Checkers: President of the United States and Richard Nixon

Why: It is the first great demonstration in America of the use and power of television to shape politics. As with Nixon himself, the speech was brilliant, bare knuckles and mawkish, all at once. By going over the heads of the press in directly appealling to the American people, this speech saved Nixon’s political career, delivered a hard (and some would say low) blow back on his political opponents (especially Dwight Eisenhower, the Republican nominee for the presidency, whom Nixon was running with in 1952), and seriously embarrassed his wife.

Possible subtopics: • Richard Nixon’s early political career • Nixon’s relationship with Eisenhower • American political parties • Presidential elections and campaigning • Campaign finance • American media • Television and American society • Public response to the speech • Effects of the crisis on Richard and Pat Nixon • Canines Research Question: What effects did the “Checkers” speech have on Richard Nixon’s career and on American presidential campaigning and politics in general?

Working Thesis Statement: Richard Nixon’s desperate, hastily organized “Checkers” speech not only saved his political career—while souring the relationship between himself and Dwight Eisenhower—it fundamentally altered the nature of political campaigning in the United States by its enormously successful, direct appeal to the American people through the new medium of television. (Yeah, I don’t recommend your thesis statement be this long; but this one reflects all the main points I would want to argue in a paper on this topic. I would probably shorten it down in the later stages of the writing process. ).

Disciplines: (I have considered six here; you only need to factor three into your paper. ) Anthropology: Anthropology studies culture (I think). Although this topic involves a bunch of white men, there were differences within this culture. Nixon was a self-made man, who always had to work hard (and sometimes play dirty) for everything he got. He had a curious relationship with the “establishment” of the Republican party. While he always manipulated them brilliantly, he never lost the belief that they looked down on him as a poor boy from rural California and that they would drop him as soon as they could.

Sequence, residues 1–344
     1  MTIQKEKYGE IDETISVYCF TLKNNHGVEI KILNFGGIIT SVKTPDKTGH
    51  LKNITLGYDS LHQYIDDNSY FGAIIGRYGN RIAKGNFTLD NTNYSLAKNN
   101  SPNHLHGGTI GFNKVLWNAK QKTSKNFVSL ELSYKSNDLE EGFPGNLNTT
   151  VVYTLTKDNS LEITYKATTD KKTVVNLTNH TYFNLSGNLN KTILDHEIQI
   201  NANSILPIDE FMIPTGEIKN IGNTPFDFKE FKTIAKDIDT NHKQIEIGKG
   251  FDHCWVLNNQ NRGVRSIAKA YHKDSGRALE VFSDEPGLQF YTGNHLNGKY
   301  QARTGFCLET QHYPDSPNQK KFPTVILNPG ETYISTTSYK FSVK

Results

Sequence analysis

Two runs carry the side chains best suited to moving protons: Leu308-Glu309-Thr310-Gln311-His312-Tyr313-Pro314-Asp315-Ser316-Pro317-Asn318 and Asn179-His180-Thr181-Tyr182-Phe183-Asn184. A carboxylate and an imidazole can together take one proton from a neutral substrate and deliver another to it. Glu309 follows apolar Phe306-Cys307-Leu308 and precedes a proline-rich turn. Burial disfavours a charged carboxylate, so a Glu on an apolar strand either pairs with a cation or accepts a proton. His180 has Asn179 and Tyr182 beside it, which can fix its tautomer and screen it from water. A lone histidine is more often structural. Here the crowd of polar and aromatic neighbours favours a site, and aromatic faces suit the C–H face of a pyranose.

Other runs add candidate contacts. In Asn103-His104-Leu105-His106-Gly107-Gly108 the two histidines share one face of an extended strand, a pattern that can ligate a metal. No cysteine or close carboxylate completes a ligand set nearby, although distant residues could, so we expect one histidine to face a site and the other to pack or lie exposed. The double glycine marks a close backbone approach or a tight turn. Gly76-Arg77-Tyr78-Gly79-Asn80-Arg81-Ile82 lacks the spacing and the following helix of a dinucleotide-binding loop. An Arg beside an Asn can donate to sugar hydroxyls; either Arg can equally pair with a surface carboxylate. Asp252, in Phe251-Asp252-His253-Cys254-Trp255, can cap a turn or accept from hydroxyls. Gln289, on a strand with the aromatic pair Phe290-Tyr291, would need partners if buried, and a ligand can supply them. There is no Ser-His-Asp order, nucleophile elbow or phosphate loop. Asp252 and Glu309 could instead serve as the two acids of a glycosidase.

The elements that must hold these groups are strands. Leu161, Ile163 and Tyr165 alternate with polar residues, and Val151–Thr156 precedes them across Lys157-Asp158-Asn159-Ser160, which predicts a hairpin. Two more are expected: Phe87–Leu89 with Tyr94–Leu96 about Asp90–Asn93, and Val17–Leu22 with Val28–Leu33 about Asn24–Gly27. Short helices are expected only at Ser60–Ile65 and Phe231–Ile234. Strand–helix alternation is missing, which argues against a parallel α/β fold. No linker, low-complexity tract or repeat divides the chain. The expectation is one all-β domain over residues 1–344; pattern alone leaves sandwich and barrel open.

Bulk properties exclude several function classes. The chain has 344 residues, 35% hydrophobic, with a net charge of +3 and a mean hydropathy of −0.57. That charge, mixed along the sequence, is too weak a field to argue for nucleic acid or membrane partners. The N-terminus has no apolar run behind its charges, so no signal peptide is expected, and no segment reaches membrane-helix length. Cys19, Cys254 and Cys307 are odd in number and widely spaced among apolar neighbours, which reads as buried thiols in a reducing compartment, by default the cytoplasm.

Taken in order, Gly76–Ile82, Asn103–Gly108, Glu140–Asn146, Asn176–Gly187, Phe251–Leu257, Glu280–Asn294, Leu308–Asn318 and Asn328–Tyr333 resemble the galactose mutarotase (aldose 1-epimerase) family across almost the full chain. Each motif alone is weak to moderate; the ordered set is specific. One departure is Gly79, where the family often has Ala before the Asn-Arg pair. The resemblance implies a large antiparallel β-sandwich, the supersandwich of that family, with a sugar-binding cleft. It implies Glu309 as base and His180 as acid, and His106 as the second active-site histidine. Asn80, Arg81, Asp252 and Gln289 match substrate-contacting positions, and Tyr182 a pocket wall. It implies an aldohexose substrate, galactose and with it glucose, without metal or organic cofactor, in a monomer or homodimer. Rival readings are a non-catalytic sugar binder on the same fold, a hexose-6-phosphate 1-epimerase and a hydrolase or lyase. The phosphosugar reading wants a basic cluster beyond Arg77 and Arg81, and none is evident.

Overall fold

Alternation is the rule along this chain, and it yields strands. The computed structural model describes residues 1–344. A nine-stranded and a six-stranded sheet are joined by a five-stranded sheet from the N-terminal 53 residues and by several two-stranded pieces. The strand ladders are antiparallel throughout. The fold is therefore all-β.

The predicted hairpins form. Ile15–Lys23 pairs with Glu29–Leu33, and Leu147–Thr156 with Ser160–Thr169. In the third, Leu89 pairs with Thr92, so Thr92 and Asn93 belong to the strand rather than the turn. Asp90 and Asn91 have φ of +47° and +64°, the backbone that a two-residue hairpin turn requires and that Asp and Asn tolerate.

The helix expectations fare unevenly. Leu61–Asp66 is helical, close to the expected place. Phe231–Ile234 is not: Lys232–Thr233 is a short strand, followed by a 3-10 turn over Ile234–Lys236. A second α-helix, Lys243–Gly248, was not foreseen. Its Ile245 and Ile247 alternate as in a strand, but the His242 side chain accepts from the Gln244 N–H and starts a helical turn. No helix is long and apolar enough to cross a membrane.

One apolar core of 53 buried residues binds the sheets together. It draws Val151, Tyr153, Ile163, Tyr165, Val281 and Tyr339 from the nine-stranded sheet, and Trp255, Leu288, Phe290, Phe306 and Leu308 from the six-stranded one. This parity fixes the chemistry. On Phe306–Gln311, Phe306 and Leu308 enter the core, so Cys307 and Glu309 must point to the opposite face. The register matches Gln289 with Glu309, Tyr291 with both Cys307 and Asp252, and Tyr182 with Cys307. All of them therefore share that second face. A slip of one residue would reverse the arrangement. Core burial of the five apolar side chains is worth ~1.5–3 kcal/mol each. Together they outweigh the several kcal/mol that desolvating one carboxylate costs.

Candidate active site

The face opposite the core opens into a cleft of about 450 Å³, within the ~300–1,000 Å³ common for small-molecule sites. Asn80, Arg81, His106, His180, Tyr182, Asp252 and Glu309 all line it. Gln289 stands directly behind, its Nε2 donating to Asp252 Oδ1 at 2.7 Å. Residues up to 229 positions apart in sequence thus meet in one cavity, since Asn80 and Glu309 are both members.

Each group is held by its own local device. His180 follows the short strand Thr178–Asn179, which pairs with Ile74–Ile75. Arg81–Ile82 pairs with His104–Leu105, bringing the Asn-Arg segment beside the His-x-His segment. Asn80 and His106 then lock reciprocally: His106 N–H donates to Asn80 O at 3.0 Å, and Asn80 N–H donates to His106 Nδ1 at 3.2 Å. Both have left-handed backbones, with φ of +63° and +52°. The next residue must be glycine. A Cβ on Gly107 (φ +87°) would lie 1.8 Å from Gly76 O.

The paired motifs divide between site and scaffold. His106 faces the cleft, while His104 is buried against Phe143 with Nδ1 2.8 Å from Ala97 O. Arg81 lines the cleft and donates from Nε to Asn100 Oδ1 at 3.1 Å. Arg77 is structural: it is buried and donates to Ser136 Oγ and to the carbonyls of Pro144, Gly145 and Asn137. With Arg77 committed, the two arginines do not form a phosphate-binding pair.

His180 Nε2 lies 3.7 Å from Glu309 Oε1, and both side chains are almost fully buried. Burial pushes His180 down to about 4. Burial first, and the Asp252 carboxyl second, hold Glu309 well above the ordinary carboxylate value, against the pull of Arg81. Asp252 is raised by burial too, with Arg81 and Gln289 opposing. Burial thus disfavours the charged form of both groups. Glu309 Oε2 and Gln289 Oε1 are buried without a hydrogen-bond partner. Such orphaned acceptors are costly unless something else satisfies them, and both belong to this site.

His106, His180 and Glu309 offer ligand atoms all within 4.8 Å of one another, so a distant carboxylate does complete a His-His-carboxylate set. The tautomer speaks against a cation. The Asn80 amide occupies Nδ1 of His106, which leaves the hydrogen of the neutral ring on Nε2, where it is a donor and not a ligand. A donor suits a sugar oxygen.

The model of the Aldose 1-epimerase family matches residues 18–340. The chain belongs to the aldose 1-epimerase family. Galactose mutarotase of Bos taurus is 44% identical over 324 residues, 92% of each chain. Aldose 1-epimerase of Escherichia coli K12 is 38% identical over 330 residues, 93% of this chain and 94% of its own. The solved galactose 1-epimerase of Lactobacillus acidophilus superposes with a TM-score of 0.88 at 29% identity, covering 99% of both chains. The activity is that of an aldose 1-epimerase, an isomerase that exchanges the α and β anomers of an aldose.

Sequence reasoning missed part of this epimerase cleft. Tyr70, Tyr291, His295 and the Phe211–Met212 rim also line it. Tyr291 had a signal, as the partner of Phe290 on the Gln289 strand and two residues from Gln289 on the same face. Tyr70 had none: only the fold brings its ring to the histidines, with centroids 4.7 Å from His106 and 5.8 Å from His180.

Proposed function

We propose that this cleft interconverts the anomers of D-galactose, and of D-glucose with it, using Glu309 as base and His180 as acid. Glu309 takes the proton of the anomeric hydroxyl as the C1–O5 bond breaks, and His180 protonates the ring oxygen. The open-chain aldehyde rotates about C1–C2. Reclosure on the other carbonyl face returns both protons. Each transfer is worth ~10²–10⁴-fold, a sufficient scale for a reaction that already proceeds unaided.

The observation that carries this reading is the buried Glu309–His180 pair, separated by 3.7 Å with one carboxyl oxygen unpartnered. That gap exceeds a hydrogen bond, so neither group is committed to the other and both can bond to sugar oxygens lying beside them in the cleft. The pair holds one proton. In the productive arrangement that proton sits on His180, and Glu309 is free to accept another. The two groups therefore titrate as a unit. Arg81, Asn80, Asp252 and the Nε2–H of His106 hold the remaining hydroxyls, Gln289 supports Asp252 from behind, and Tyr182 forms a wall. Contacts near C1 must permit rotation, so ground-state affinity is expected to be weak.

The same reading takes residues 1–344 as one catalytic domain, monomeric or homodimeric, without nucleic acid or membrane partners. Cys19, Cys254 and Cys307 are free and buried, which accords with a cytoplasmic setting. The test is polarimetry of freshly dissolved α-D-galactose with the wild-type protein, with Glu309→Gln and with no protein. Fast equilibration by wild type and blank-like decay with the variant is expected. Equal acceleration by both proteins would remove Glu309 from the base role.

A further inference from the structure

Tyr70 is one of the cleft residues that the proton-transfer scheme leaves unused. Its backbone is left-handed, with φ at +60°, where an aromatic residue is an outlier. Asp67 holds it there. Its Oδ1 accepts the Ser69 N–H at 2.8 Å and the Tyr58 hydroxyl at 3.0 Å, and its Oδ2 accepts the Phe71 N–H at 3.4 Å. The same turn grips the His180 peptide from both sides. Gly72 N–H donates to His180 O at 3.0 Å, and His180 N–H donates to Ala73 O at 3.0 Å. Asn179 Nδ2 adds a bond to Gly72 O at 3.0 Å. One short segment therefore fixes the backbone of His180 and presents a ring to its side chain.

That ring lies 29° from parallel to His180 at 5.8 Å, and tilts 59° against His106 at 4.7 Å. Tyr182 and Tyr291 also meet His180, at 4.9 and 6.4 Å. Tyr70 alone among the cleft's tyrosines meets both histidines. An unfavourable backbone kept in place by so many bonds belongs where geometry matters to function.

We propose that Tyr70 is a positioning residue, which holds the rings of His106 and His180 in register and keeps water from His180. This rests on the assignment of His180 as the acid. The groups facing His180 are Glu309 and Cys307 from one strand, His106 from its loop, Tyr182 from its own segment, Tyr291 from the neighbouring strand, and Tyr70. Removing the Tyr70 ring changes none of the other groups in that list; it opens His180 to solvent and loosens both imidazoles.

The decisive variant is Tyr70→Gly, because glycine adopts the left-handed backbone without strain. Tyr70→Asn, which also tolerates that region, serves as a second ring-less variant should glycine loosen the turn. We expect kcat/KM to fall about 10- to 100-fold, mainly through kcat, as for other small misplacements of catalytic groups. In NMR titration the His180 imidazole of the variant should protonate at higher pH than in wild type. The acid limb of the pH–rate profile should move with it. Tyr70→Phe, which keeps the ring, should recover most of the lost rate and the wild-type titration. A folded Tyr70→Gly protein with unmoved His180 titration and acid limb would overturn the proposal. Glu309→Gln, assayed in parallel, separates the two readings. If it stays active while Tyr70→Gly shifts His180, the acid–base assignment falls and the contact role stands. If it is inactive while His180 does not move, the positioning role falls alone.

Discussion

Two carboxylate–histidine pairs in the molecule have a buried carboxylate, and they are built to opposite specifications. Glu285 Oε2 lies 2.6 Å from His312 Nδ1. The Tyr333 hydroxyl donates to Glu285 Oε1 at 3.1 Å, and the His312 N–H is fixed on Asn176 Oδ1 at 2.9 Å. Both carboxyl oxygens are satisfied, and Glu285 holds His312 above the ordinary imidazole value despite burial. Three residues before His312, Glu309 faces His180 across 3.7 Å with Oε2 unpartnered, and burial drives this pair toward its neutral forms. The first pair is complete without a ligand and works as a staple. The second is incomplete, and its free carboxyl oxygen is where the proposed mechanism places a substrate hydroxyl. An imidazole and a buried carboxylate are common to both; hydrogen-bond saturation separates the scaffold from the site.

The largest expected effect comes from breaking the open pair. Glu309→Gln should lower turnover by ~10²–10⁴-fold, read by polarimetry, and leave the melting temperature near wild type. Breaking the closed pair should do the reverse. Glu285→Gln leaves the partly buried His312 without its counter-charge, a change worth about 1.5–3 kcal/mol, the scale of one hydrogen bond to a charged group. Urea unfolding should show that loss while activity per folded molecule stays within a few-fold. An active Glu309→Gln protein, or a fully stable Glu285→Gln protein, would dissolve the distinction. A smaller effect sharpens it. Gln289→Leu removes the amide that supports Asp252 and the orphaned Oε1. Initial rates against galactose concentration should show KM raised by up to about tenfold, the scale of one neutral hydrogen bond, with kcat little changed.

The crisis leading up to the “Checkers” speech was a prime example of this. Economics: The main focus here would be on campaign financing and expenditures, as the “Checkers” speech resulted from allegations that Nixon had a secret, political “slush fund”. Geography: This does not play a big role in this topic, except that Nixon was a rural westerner, while the party “establishment” was largely made up of wealthy, urban easterners. History: With this discipline, you would consider the context of Richard Nixon’s career, especially the early years.

He was one of the most influential persons—for better and for worse—in participating in and shaping the history of the United States in the latter half of the twentieth century. Your paper MUST include this discipline. Political Science: Quite obviously, this is the most relevant discipline for this topic. The main focus here would be on fundamental changes to the nature of election campaigning. Sociology: With this discipline, you would focus on the effects of the new medium of television on American society, as demonstrated by the “Checkers” speech.

Main Points: Section One: This would contain the context for the topic: Nixon’s early political career (especially his strident anticommunism and his quickly gained reputation for playing dirty in political campaigns) and the reasons why Eisenhower chose such a relatively young man to be his running mate in the 1952 presidential election. Section Two: This would examine the reasons why Nixon had to give the speech, how it was quickly organized to be delivered on live television, and an analysis of its overall content and techniques of delivery.

Section Three: This section would analyze both the personal and the overall effects of the speech: how the public reacted to it (massively in favour of Nixon), how it saved Nixon’s political career, while seriously embarrassing his wife, and how it forced Eisenhower to keep Nixon on the ticket, while creating a permanent atmosphere of distrust between the two men; on the overall side: an analysis of this early demonstration of the power of television to alter the political landscape in American politics.

(Note: I have deliberately structured the main points so that the disciplines will be integrated within them as subsets, but not as the principal, organizing element of each one. As I’ve told you before, they will look very poorly at your work in university if you hand in an essay that is made up of analysis of distinctly separated disciplines. )